5. FBI was born from the Secret Service


The Federal Bureau of Investigation is the domestic intelligence and security agency service of the United States. This federal law enforcement agency operates under the Department of Justice and has jurisdiction over violations of more than 200 categories of Federal crimes. But did you know that the first agents of the FBI were former U.S. Secret Service agents? After the assassination of McKinley, President Roosevelt instructed Attorney General Charles Bonaparte to organize an investigative service that would report only to the Attorney General. Despite Congress’ prohibition, Bonaparte used the expense funds of the Department of Justice to hire people from the Secret Service to work for the new investigative agency. It was initially called the Bureau of Investigation but was later renamed to the Federal Bureau of Investigation.

4. After 9/11, the agency now oversees security at non-political events


After the attack on the World Trade Center and its New York City field office on September 11, 2001, the United States Secret Service took jurisdiction over the security of non-political events. The agency spearheads the planning of the security for the country’s major events that draw in large crowds like the Super Bowl. As part of the Department of Homeland Security, the USSS also deals with events that might be the subject of terrorist attacks, as it is a key member of the Federal Bureau of Investigation’s Joint Terrorism Task Force which has a goal of combating all forms of terrorism on a national and international level. In history, the 56th Presidential Inauguration was the largest and most complex event ever overseen by the Secret Service.

3. The agency started protecting presidential candidates after one was killed


It was not until presidential candidate Robert F. Kennedy was shot and killed in the middle of the 1968 elections that the United States Secret Service started offering protection for Presidential candidates. Vice-Presidential candidates and their spouses are offered this protection as well. According to Public Law 90-331, Congress authorized the protection of Presidential, Vice-Presidential candidates and their spouses within 120 days of a general presidential election. Barack Obama, however, was given this protection a year and a half before Election Day making him the candidate who received protection from the agency for the longest period of time. The candidates and nominees can decline this protection but with the level of competition during elections, we think the protection of the U.S. pre-Secret Service is better than none.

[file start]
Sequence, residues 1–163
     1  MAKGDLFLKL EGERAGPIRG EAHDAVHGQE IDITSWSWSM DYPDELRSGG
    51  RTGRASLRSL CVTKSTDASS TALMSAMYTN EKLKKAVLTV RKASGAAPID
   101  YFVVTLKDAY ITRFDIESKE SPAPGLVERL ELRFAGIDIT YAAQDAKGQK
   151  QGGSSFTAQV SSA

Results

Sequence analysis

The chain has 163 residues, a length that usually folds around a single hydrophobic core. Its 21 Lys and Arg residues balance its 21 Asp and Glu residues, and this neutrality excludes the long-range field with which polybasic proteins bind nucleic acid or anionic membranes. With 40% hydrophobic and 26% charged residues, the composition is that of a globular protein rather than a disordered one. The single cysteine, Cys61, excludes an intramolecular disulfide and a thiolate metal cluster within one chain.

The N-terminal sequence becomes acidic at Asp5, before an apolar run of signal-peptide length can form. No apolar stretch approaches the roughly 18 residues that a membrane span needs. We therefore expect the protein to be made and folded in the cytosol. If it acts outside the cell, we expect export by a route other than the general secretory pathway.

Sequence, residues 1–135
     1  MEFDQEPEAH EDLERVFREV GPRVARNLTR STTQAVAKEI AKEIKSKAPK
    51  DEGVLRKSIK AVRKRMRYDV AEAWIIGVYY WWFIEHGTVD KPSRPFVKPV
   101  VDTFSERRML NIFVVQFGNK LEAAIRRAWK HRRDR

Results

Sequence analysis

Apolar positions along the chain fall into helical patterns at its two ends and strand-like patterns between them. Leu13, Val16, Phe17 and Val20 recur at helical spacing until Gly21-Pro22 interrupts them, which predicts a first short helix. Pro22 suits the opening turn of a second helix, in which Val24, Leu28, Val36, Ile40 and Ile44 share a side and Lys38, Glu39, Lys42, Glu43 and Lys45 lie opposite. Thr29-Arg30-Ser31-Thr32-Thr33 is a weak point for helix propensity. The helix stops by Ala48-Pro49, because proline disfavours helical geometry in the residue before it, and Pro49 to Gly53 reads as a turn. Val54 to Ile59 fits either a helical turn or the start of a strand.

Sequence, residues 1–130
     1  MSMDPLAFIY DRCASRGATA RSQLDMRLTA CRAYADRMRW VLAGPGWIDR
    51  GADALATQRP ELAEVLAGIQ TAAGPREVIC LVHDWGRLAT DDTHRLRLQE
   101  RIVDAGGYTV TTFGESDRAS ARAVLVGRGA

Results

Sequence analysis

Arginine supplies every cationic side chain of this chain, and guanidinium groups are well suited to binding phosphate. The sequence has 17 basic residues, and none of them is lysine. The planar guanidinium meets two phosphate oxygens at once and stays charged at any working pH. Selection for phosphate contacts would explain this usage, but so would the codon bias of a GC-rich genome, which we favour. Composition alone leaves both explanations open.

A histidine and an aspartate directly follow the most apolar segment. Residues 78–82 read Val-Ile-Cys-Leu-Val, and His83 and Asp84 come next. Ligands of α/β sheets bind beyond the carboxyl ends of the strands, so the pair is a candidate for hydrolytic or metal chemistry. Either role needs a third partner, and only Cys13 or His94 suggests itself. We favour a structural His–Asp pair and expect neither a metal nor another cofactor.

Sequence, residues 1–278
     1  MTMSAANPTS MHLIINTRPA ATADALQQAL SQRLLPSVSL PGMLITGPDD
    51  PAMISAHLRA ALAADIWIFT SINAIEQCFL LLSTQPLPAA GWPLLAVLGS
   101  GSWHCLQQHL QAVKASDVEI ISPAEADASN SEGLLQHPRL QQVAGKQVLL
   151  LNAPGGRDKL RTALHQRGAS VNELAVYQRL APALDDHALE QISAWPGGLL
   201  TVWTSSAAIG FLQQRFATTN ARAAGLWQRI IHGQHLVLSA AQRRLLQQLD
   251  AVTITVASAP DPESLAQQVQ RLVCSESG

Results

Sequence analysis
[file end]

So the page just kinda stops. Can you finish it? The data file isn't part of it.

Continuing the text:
2. Abraham Lincoln created the Secret Service the same day he died

Via and

The United States Secret Service is one of the oldest and the most elite federal law enforcement agencies in the world. This agency dates back to the end of the American Civil War. Created for a purpose other than what it serves now, which we will discuss in the next item, the legislation forming the U.S. Secret Service was on top of Abraham Lincoln’s desk the night he was assassinated by John Wilkes Booth. The official foundation day of the USSS is on April 14, 1865, which was a Good Friday. It was initially called the “Secret Service Division” of the Department of Treasury. It remained a part of the Department of Treasury until 2003 when it was transferred under the Department of Homeland Security.

1. The Secret Service’s original mission was to stop counterfeit currency


When the notion of a federal law enforcement agency was conceived, the idea did not involve investigating murder cases or protecting the U.S. President. In fact, the original mission that the U.S. Secret Service was given was to probe and crack down the production of counterfeit currency at the time. The agency was provided with a task to combat the widespread counterfeiting at the time which was thought to severely affect the U.S. economy and threatened to destroy it. The Secret Service Division was then part of the Department of Treasury with Chief William P. Wood who sworn in as the first ever Secret Service Chief. It was not until 1901 when the agency assumed its first protective mission after President William McKinley was assassinated by Leon Czolgosz.